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Annoyingly Inconsistent - 65%

The_Blacksmith, May 11th, 2008

While it pains me to say this, this album is much less consistent than it’s predecessor, “Metal Magic”. And while the better songs on here are of twice the quality than those of the first album, the filler on this album prevents it from earning a near perfect score.

But lets look at the good things first. The production on “Projects in the Jungle” is a huge improvement over the debut, which was horrible and felt really rushed. Here, the band has clearly taken some time to give it album style production, rather than the almost demo-like feel of the debut. The songs here sound crystal clear, definitely an improvement.

Moving onto the music itself, some of the songs on here are absolutely amazing. The music sounds so much tighter and more professional now, with Terry Glaze really showing his capabilities as a vocalist. Diamond Darrel is really starting to pump out the riffs now as well as some great leads and solos, nicely backed by the rhythm styling of Rex and Vinnie. From the hair metal anthems of “All Over Tonight” and “Heavy Metal Rules” to the full blown speed metal tracks like “Out For Blood” and “Killers”. Remember the track of the first album? That song was also a full-blown speed metal number held back by a crappy synth intro. The title track here has no such drawbacks, full of thrashy riffs and catchy vocal lines that you’ll find yourself singing along and banging your head to the second time you’ve ever heard them. Definitely the heaviest track the band have done up to this point. Also worth noting is the more mid-paced song “Like Fire”. While nothing particularly exciting compared the to previously mentioned songs, it is certainly undeserving of the skip button.

Sadly, the same can’t be said for the rest of the album. Notice something missing so far from this review of a hair metal album? Yup, that’s right, ballads. The previous album has one ballad, which, while slightly forgettable, wasn’t completely horrible. When it came on, you found yourself thinking, “Oh, this is the ballad. I might skip this”. On this album, that thought will enter you’re mind as well. And shortly after this one will appear “Didn’t I just skip this song?” and when you get to the last track “Isn’t this the same song again, except with the intro from “Street’s of Rage”?”. Needless to say, these thoughts, and more importantly, their accompanying songs will begin to wear tedious. The skip button on you’re CD player will break due to overuse. The album will slowly sink to the back of you’re collection, only occasionally being taken out to listen to the good tracks, and you will have to suffer the ballads thanks to your broken button. And it’s not just because they’re ballads that they are crap, it’s because they are the most forgettable ballads ever written. “18 And Life” this is not, nor “Home Sweet Home”, or even “Every Rose Has its Thorn”. Unlike those songs, these ones won’t stick in you’re head. I can barely distinguish between the lot of them. The first two ballads on the album are also exactly the same length…hmm…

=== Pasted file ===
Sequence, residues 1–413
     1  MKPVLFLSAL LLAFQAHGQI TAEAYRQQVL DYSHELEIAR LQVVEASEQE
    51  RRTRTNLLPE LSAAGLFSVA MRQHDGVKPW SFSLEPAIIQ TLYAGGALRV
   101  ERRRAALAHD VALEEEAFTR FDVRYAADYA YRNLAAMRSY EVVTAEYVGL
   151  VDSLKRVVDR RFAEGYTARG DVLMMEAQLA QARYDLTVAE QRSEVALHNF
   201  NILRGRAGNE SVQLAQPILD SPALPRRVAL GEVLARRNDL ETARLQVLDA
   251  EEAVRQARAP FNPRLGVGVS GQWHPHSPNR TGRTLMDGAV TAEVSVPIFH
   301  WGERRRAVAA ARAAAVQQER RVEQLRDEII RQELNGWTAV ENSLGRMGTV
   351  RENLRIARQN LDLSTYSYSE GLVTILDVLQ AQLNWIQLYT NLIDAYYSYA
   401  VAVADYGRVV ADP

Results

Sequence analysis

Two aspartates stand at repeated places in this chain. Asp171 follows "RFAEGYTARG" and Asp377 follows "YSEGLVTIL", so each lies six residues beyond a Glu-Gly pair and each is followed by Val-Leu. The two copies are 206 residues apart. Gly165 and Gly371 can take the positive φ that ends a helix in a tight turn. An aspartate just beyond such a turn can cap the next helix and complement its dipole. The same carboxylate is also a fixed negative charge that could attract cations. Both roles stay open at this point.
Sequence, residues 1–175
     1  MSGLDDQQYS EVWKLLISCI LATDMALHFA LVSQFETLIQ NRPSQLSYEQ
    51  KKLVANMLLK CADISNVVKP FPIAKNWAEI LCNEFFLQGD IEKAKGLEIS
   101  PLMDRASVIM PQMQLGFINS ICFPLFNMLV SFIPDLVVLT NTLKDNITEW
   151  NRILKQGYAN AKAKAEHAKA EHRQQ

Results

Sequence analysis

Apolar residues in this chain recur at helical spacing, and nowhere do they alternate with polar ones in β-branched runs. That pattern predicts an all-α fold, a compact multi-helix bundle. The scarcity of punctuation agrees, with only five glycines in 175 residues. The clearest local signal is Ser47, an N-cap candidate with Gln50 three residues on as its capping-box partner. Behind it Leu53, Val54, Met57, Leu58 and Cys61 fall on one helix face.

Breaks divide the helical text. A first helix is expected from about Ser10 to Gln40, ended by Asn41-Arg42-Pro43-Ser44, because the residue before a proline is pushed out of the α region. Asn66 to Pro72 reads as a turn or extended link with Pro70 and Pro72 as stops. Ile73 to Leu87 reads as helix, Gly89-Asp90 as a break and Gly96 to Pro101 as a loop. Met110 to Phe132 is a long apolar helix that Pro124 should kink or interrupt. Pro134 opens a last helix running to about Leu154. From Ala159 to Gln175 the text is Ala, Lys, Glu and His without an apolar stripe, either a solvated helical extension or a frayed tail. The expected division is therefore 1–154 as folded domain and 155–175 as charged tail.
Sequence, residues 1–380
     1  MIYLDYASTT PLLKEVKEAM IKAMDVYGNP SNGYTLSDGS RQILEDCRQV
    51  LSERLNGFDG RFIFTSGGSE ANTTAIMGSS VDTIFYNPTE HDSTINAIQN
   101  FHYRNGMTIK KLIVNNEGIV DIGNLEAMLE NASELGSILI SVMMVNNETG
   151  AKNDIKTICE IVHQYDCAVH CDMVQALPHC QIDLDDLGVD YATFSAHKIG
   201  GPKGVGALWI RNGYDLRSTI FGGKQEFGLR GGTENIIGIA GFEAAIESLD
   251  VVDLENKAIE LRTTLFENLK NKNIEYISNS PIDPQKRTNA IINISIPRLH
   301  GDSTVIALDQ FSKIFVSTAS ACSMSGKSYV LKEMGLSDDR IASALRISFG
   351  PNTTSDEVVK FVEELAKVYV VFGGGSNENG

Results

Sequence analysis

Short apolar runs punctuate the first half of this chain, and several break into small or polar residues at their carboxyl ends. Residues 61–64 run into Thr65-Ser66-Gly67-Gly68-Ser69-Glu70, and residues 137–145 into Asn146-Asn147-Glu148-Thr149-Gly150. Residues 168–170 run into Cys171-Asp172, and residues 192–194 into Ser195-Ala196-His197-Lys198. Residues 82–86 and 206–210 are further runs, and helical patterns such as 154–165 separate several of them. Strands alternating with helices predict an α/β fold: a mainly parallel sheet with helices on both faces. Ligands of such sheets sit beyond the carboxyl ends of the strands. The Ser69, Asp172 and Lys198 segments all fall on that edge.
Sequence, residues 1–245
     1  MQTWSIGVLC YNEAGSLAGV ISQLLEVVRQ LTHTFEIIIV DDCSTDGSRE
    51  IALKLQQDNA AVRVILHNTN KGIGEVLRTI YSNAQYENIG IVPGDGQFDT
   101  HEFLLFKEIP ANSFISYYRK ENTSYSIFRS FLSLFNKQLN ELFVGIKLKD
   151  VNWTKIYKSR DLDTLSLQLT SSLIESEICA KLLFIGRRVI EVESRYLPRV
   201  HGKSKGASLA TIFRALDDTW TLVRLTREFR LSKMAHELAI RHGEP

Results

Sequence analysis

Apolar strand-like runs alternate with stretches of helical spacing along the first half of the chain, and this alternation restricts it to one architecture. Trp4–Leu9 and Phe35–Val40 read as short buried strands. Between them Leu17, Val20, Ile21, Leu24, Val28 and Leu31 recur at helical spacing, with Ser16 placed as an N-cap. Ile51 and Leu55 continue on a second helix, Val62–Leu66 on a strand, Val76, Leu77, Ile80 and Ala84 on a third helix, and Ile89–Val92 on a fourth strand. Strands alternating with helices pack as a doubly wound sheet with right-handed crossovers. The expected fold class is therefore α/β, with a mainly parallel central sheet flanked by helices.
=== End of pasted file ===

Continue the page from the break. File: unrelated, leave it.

There is another song on this album, but this will merit the first assault on the skip button. It is nothing more than Diamond Darrel’s attempt at Eruption. Forgettable.

You may or may not have noticed that I have actually spend more time talking about the four bad songs on here than the six good songs, which leads me neatly onto what angers me most about this album. If the band had decided to focus on writing good metal songs – a thing they clearly can do -, instead of trying to fit into the then-current trends by over loading the thing with lame ballads that all sound the same, this album would easily get a near perfect score. They could have created one of the greatest glam metal albums ever, but they didn’t. They held back.

So in conclusion, I do recommend you give this album a listen, some of the songs are pure classics that the band should finally acknowledge as part of their discography just be prepared to break you’re skip button, unless you like lame ballads of course…